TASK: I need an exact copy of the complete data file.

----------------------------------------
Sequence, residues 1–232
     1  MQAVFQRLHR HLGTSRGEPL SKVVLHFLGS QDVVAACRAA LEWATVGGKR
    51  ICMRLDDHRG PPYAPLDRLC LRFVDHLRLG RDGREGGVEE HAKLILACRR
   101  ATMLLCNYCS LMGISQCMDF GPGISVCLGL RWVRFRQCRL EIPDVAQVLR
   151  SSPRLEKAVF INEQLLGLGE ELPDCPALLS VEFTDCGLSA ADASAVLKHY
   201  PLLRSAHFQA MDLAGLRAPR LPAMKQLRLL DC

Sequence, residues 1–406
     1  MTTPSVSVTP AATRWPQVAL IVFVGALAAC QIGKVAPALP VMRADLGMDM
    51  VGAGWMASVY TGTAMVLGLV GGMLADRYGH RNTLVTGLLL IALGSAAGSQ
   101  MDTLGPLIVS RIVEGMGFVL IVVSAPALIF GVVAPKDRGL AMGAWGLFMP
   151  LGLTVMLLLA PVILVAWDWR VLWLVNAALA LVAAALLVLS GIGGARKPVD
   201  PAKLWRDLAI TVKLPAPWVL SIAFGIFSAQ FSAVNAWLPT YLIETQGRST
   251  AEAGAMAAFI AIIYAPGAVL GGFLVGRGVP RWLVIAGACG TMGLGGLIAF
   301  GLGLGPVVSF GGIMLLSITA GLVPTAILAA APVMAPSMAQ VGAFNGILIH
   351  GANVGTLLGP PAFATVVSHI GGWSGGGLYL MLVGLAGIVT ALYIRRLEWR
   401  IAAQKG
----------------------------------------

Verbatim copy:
Sequence, residues 1–232
     1  MQAVFQRLHR HLGTSRGEPL SKVVLHFLGS QDVVAACRAA LEWATVGGKR
    51  ICMRLDDHRG PPYAPLDRLC LRFVDHLRLG RDGREGGVEE HAKLILACRR
   101  ATMLLCNYCS LMGISQCMDF GPGISVCLGL RWVRFRQCRL EIPDVAQVLR
   151  SSPRLEKAVF INEQLLGLGE ELPDCPALLS VEFTDCGLSA ADASAVLKHY
   201  PLLRSAHFQA MDLAGLRAPR LPAMKQLRLL DC

Sequence, residues 1–406
     1  MTTPSVSVTP AATRWPQVAL IVFVGALAAC QIGKVAPALP VMRADLGMDM
    51  VGAGWMASVY TGTAMVLGLV GGMLADRYGH RNTLVTGLLL IALGSAAGSQ
   101  MDTLGPLIVS RIVEGMGFVL IVVSAPALIF GVVAPKDRGL AMGAWGLFMP
   151  LGLTVMLLLA PVILVAWDWR VLWLVNAALA LVAAALLVLS GIGGARKPVD
   201  PAKLWRDLAI TVKLPAPWVL SIAFGIFSAQ FSAVNAWLPT YLIETQGRST
   251  AEAGAMAAFI AIIYAPGAVL GGFLVGRGVP RWLVIAGACG TMGLGGLIAF
   301  GLGLGPVVSF GGIMLLSITA GLVPTAILAA APVMAPSMAQ VGAFNGILIH
   351  GANVGTLLGP PAFATVVSHI GGWSGGGLYL MLVGLAGIVT ALYIRRLEWR
   401  IAAQKG